The Cathedral of St. Paul’s refurbished gallery organ won’t be ready for Easter services on Sunday, as planned, due to “unforeseen events,” officials said Thursday.
The 50-year-old organ, the larger of the cathedral’s two pipe organs, is being reassembled in the choir loft after extensive restoration of the pipes and construction of hand-carved ornamental walnut cases to house them.
Workers are still finishing the project’s final phase, and it was decided to postpone the organ’s public debut until it is fully functioning, said the Rev. John Ubel, the cathedral’s rector. A new date has not been set. The final phase involves installing the pipes and fine tuning each one.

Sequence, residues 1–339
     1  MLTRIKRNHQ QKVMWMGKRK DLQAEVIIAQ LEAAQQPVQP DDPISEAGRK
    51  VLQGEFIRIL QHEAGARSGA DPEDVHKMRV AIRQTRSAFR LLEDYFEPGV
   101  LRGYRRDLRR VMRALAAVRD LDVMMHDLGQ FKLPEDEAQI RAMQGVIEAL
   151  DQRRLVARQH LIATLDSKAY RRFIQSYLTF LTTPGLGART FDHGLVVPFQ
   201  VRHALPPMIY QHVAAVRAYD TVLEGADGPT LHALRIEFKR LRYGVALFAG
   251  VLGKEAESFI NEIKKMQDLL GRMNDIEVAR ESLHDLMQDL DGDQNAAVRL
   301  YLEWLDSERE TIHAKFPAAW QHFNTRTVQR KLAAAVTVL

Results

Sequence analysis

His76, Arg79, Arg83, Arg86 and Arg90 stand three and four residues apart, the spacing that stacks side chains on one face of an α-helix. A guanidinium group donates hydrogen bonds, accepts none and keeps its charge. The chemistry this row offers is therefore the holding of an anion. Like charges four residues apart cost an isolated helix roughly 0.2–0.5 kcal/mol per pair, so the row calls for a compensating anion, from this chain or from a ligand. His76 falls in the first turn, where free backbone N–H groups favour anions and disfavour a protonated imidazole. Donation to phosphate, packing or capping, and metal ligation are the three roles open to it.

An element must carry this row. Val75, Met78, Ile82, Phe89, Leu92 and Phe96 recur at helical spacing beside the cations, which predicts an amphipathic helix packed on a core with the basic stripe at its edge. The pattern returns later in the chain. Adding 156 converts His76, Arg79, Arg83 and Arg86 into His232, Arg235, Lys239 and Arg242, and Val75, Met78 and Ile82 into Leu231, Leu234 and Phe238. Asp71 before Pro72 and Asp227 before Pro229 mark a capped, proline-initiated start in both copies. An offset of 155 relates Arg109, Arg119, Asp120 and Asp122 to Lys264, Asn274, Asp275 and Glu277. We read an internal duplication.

“While I understand the disappointment, believe me, it will all be well worth the wait,” Ubel said.
The cathedral launched a $3.4 million project in 2010 to restore both organs. The 86-year-old sanctuary organ was refurbished and reinstalled by Missouri-based Quimby Pipe Organs two years ago.
The larger organ’s 5,818 pipes then were shipped to Missouri for restoration, and University of Notre Dame architect Duncan Stroik was enlisted to design the organ’s new casework.
The organ’s console, which weighs more than 1,100 pounds, was delivered and installed in February.
About $650,000 remains to be raised for the project, officials said.